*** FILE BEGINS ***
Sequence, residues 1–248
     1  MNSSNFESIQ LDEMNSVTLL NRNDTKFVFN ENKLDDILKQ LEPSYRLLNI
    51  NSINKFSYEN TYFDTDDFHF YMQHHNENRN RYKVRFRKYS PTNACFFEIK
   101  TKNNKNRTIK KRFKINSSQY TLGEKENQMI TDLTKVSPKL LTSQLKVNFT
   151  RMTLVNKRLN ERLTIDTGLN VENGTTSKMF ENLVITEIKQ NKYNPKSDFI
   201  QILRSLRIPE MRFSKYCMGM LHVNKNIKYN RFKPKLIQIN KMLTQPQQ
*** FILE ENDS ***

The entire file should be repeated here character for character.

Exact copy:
Sequence, residues 1–248
     1  MNSSNFESIQ LDEMNSVTLL NRNDTKFVFN ENKLDDILKQ LEPSYRLLNI
    51  NSINKFSYEN TYFDTDDFHF YMQHHNENRN RYKVRFRKYS PTNACFFEIK
   101  TKNNKNRTIK KRFKINSSQY TLGEKENQMI TDLTKVSPKL LTSQLKVNFT
   151  RMTLVNKRLN ERLTIDTGLN VENGTTSKMF ENLVITEIKQ NKYNPKSDFI
   201  QILRSLRIPE MRFSKYCMGM LHVNKNIKYN RFKPKLIQIN KMLTQPQQ